I’ve been doing sessions with a 15-year old Hong Kong student, who needs to improve his English. On most weeks he comes over on Mondays and Tuesdays, and we play one hour of English, and one hour of Cantonese. It’s a medium problem that it’s after school, and he’s quite tired afterwards, but he’s very motivated, and so we both are steadily progressing.
Today were especially good sessions :) In the first hour, I spontaneously put up a jar of peanut butter, a tin of peanuts, and a spoon. The last English sessions had not gone so well in my opinion, mainly due to me running out of ideas on what to do. This changed during this lesson though :) First, it appeared to me that “peanuts” is a dangerous word for Cantonese speakers, as they tend to drop the “t”. Great reason to practice it! :) So first we talked about opening/closing the jar/tin, and about the colors. Then we went into materials: plastic, paper, metal, glass. After that, I asked him about some colors, eliciting “mainly” and “all”, eg. »Is this cookie box all blue?« – »No, it is mainly blue, but it is also white and red«. From there, we went to materials, like »Is this table made of metal?« »Yes, it is made of metal, but it is also made of plastic.«;
He didn’t know “spoon”, so we played with that a bit, then I added a fork and a knife. Cantonese speakers often pronounce “fork” as “frog”, so we practiced that a bit as well. Then I asked him how to make a peanut butter sandwich. In order to complete it, he had to tell me about opening the freezer, getting out the bread, opening the fridge, getting out the margarine, opening the peanut butter jar, using the knife to spread the margarine and peanut butter on the slices of bread. Great setup! :) Because we had tried to spread the margarine with the spoon, it was even dirtier than the knife, while the fork was untouched. So we played “Which one is dirtier?”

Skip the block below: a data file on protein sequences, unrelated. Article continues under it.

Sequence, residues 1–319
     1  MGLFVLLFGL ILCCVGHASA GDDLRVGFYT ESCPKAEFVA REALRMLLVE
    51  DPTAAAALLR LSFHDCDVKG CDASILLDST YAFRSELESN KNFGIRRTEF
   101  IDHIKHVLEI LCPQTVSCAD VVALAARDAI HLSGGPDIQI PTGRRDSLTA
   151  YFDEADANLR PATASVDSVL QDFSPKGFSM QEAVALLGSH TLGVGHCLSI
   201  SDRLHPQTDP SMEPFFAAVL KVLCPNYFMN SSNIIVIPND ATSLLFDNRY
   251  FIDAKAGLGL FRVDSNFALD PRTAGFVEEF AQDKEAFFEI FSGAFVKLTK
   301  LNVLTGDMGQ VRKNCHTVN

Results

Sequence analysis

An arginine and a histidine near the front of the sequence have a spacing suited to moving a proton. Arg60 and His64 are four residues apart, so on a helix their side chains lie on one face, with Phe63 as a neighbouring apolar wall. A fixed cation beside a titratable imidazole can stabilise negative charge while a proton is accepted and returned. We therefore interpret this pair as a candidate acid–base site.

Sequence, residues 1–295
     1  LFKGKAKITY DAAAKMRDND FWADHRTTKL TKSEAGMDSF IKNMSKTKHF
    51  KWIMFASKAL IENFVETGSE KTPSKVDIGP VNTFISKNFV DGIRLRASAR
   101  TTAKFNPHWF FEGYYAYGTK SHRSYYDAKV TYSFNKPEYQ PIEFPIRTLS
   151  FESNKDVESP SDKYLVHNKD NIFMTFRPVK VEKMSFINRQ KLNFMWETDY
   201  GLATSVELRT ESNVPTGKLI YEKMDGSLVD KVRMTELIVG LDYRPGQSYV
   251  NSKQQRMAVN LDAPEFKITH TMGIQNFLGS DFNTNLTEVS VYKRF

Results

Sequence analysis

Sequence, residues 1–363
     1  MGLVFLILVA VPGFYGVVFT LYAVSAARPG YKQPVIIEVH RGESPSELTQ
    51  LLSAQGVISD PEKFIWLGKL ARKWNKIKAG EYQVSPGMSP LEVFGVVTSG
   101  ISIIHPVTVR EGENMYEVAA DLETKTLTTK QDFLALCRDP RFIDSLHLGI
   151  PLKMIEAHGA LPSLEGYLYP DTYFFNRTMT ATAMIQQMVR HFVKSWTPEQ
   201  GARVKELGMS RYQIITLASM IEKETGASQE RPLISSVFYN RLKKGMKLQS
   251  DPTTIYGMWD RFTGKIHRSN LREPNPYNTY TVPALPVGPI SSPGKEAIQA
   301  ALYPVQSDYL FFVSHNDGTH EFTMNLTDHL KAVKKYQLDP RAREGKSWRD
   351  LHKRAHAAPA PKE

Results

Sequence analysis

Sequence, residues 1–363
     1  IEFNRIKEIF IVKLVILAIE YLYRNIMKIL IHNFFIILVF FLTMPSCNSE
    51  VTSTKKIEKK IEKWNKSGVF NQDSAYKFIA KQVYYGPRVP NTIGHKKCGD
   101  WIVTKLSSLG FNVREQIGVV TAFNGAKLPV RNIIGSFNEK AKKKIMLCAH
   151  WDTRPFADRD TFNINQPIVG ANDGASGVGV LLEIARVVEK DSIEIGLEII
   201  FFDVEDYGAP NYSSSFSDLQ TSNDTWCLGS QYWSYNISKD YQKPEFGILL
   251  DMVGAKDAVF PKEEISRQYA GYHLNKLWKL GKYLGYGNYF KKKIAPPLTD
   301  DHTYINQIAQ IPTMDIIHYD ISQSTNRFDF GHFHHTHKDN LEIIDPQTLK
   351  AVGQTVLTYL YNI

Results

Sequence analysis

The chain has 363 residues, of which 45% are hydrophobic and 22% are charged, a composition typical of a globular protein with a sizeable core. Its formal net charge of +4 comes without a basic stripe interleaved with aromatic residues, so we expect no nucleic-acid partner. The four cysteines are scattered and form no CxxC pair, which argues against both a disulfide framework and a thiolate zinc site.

After about an hour we switched to Cantonese, and I tried to use many ideas from the previous English session. We did several materials, I learned how to ask what something is made of, if it’s the only material used, and some very interesting details of Cantonese that were new to me or that I had forgotten. I used a napkin and the dirty spoon for clean/dirty, mainly because the two almost sound the same, a great chance to practice to distinguish between the two!
In other news, we did a short session at a McDonald’s with nine people some days ago! We wanted to go to some quiet café, but it was full, and so we tried to get some space at McD, and while not perfect (table too long mainly, and a bit loud), it was amazing how undisturbed we were, playing about an hour without even ordering anything, with keys, pens, mobile phones etc. on the tables :) That session really whetted my appetite for doing larger groups, but I still have not figured out how to do these on a regular basis.